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Japan World Heritage Sites to Visit with the JR Pass
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Japan World Heritage Sites to Visit with the JR Pass

Table of contents:
World Heritage Sites in Japan
Itsukushima Shinto Shrine
Himeji Castle
Buddhist Monuments in the Hōryū-ji Area
Hiroshima Peace Memorial
Shrines and Temples of Nikkō
Fujisan
Historic Monuments of Ancient Kyoto

Japan is a country celebrated for its distinctive culture and rich heritage. It’s these traits that so often draw visitors to its shores, seeking to understand what makes the country so special. A pretty good place to start is with the world heritage sites of Japan, as these destinations have been internationally recognised for their cultural importance.

Unfortunately, some of Japan’s world heritage sites are off in remote corners of the country or even on distant islands, making them difficult for the average traveller to experience. With that in mind, here are some world heritage sites in Japan that you can easily visit while traveling around the country on a Japan Rail Pass.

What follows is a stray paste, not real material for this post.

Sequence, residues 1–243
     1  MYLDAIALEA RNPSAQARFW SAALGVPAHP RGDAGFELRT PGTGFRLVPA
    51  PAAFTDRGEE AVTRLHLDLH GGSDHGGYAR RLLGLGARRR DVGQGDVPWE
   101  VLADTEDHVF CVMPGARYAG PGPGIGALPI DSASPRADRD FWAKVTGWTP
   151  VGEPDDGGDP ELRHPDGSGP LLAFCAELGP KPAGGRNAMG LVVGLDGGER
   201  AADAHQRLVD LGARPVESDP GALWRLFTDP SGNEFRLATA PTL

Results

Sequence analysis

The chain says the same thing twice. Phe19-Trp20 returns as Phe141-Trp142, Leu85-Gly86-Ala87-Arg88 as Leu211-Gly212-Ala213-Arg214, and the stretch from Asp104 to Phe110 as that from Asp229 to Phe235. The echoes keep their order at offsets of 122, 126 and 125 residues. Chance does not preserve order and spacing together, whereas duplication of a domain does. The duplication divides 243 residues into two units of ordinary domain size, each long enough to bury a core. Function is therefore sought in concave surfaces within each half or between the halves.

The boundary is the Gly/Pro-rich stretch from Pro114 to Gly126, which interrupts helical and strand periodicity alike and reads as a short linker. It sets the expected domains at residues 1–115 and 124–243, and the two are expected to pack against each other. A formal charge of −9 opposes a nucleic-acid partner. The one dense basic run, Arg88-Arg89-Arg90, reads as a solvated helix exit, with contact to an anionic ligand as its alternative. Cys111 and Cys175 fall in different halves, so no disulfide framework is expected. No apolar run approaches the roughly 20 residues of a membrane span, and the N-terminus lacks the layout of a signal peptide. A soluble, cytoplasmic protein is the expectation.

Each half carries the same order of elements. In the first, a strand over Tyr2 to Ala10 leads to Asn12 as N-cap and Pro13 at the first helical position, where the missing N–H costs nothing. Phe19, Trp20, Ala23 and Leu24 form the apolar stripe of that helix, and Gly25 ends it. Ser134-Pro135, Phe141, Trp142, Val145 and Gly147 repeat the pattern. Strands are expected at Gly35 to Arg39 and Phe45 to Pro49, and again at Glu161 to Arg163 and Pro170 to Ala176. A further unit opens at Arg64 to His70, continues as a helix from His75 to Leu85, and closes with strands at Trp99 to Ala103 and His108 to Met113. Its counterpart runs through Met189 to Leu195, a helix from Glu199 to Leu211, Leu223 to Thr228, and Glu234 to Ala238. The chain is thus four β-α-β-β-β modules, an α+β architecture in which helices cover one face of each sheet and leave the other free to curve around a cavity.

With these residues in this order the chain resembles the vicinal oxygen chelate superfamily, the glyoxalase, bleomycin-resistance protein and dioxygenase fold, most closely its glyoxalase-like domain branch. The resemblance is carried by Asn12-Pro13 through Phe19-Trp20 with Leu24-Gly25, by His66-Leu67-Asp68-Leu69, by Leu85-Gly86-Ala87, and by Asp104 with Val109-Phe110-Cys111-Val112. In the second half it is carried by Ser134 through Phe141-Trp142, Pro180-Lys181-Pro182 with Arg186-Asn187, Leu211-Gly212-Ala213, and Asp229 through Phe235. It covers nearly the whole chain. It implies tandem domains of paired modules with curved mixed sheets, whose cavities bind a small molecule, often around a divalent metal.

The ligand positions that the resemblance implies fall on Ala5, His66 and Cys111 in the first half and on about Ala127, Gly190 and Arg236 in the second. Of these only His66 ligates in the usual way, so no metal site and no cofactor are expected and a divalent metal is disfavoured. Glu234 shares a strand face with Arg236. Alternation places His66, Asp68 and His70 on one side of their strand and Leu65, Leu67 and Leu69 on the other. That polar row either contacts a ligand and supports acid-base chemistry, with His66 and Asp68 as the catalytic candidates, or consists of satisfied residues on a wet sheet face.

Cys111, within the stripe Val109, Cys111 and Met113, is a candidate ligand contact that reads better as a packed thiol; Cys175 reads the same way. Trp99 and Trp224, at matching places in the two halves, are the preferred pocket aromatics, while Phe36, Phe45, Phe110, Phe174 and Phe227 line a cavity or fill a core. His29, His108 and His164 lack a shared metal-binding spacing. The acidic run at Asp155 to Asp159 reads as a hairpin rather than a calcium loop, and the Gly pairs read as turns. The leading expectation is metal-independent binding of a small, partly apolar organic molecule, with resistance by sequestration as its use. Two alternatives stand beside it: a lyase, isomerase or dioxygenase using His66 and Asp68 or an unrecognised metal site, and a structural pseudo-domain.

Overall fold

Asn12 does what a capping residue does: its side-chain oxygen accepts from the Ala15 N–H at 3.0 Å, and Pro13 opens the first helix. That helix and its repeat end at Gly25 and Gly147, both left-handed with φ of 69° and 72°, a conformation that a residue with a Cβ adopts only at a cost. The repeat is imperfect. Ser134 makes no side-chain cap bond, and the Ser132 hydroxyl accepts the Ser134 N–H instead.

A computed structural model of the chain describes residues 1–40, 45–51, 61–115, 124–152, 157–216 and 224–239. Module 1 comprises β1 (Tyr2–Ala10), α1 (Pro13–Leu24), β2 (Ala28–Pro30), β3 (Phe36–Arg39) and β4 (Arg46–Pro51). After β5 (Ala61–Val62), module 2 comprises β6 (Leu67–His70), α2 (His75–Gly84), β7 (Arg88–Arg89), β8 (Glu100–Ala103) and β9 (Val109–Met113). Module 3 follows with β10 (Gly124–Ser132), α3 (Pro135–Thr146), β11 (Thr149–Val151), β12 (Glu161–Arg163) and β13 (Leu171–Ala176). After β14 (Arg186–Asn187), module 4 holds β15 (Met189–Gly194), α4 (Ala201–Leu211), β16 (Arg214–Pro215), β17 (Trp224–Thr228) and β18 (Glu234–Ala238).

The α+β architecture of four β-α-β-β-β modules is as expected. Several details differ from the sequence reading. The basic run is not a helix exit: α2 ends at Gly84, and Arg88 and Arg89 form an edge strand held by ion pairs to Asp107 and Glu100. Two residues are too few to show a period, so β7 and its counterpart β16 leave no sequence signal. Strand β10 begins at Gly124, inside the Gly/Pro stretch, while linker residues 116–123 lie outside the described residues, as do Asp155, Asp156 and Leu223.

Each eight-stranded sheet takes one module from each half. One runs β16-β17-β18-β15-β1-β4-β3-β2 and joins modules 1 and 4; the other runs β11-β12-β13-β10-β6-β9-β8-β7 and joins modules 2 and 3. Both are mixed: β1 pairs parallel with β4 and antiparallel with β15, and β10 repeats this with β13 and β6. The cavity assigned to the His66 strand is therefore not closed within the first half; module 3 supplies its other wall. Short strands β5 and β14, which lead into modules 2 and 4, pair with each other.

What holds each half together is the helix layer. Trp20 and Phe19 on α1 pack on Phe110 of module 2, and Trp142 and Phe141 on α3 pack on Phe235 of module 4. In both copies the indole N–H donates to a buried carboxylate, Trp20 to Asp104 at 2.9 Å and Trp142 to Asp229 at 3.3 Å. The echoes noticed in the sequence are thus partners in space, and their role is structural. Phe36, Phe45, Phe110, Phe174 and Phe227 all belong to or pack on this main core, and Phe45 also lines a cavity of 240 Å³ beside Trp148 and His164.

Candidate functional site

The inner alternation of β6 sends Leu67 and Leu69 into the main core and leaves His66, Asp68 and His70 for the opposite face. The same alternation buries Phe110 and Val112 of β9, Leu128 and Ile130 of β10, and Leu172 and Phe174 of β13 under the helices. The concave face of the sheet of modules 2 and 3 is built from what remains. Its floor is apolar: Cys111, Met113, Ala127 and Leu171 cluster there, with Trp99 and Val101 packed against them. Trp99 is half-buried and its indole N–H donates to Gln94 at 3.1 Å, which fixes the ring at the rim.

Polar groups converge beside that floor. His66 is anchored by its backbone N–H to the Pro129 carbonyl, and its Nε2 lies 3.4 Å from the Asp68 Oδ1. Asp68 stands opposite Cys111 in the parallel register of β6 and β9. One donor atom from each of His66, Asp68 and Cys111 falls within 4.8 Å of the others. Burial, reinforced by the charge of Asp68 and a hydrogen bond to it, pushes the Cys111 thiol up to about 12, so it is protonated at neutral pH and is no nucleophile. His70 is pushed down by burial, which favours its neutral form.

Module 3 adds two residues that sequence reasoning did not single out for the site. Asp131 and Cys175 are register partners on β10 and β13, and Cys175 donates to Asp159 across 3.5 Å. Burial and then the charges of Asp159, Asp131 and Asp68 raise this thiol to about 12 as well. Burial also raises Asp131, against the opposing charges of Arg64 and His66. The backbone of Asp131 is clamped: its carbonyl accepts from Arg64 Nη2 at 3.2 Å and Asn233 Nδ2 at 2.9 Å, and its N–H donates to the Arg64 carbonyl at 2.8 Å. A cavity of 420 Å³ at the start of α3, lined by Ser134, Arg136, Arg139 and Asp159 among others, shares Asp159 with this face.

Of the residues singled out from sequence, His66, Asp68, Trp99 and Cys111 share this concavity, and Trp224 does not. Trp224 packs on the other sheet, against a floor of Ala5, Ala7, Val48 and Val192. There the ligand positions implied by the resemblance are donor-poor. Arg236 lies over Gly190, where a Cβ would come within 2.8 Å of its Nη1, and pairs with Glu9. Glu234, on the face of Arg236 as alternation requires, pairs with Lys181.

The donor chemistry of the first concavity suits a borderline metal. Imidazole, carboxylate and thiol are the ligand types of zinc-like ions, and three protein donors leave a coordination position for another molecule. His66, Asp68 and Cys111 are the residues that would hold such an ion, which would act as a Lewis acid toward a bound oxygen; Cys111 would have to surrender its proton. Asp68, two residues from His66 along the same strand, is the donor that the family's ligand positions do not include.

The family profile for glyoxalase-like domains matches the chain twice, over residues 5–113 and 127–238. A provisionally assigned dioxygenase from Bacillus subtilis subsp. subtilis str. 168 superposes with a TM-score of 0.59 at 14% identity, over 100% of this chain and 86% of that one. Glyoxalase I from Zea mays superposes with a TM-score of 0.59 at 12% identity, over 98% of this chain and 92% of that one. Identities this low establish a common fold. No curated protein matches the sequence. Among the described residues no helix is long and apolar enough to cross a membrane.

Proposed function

World Heritage Sites in Japan

Considering its great wealth of culture and history, it shouldn’t come as a surprise that Japan has a significant number of world heritage sites to its name. As it stands, there are currently has 23 Japan world heritage sites, made up of 19 cultural and 4 natural sites. There are also seven sites that have been nominated to UNESCO’s Tentative List for future consideration. Between them, they showcase the best of Japan’s historical, religious, industrial and natural heritage.

Itsukushima Shinto Shrine

Many travellers quickly put the island of Miyajima on their Japan itinerary when they see photos of the enchanting floating Torii Gate. What they might not realise is that the island, also known as Itsukushima, is a UNESCO world heritage site. The Shinto shrine on Itsukushima has been considered a sacred place since the 6th century and although it was rebuilt in the 12th century, it reflects the long-held traditions and architectural aesthetic of ancient Shintoism in Japan.

Getting There: It’s possible to take the ferry from Hiroshima across to Miyajima for free, as it’s a free inclusion in the Japan Rail Pass.

Himeji Castle